I had the same issue on Chrome. It only happened for me when the scroll bar is always visible. (found in the general settings) I have a modal and when I open the modal I noticed that...

body {
    padding-left: 15px;
}

is added to the body. To stop this from happening I added

body {
    padding-left: 0px !important;
}
0

I can't add comment for the first answer and it's been a long time... but that demo has a problem:

if(b.prop('scrollHeight')>b.height()){
    normalw = window.innerWidth;
    scrollw = normalw - b.width();
    $('#container').css({marginRight:'-'+scrollw+'px'});
}

b.prop('scrollHeight') always equals b.height(),

I think it should be like this:

if(b.prop('scrollHeight')>window.innerHeight) ...

At last I recommend a method:

html {
 overflow-y: scroll;
}

:root {
  overflow-y: auto;
  overflow-x: hidden;
}

:root body {
  position: absolute;
}

body {
 width: 100vw;
 overflow: hidden;
}
0

I solved a similar problem I had with scrollbar this way:

First disable vertical scrollbar by setting it's:

overflow-y: hidden;

Then make a div with fixed position with a height equal to the screen height and make it's width thin to look like scrollbar. This div should be vertically scroll-able. Now inside this div make another div with the height of your document (with all it's contents). Now all you need to do is to add an onScroll function to the container div and scroll body as the div scrolls. Here's the code:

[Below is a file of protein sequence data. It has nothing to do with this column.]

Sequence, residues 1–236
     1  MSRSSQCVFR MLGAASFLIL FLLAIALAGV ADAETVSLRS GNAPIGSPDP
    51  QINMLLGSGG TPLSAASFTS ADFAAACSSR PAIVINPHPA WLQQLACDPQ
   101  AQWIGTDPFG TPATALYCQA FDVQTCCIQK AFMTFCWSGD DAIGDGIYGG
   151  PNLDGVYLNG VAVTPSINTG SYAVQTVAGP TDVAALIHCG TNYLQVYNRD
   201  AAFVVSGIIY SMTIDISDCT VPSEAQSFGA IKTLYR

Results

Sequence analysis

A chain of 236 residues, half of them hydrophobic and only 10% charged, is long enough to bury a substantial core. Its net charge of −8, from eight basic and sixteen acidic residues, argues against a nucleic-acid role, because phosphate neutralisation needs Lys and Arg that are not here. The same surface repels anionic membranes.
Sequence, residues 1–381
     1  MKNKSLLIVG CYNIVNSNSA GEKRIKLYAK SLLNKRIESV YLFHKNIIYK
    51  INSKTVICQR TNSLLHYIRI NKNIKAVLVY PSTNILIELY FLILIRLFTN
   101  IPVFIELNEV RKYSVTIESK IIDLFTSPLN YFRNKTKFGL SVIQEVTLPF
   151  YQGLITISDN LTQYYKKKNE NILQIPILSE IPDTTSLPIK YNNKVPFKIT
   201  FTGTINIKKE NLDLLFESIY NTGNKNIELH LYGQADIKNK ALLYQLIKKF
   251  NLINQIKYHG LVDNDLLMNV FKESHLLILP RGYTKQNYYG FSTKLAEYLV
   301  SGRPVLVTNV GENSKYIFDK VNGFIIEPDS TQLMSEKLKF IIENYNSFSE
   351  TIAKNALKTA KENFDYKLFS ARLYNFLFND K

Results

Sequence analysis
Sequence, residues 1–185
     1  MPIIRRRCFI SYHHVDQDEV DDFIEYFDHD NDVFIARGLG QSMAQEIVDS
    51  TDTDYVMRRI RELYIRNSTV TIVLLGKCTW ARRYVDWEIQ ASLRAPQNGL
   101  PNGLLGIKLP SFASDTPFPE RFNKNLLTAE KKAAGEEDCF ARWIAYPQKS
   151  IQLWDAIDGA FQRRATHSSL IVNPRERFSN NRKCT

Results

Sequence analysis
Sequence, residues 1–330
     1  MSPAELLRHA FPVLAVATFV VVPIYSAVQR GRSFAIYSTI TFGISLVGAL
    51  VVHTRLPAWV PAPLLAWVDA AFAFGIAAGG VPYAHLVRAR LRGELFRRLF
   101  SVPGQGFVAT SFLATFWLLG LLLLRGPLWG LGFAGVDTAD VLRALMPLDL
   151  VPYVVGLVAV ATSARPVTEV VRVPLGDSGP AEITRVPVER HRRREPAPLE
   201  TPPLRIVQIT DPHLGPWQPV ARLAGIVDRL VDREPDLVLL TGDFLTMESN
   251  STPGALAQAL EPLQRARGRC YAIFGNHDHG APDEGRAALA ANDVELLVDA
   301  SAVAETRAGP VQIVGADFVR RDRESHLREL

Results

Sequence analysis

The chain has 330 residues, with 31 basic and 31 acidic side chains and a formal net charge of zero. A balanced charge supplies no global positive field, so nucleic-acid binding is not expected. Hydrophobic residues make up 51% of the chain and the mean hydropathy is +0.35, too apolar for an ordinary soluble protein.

HTML:

<div onscroll="OnScroll(this);" style="width:18px; height:100%;  overflow-y: auto; position: fixed; top: 0; right: 0;">
    <div id="ScrollDiv" style="width:28px; height:100%; overflow-y: auto;">
    </div>
</div>

Then in your page load event add this:

JS:

$( document ).ready(function() {
    var body = document.body;
    var html = document.documentElement;
    var height = Math.max( body.scrollHeight, body.offsetHeight, html.clientHeight, html.scrollHeight, html.offsetHeight);
    document.getElementById('ScrollDiv').style.height = height + 'px'; 
});

function OnScroll(Div) {
    document.body.scrollTop = Div.scrollTop;
}

Now scrolling the div works just like scrolling the body while body has no scrollbar.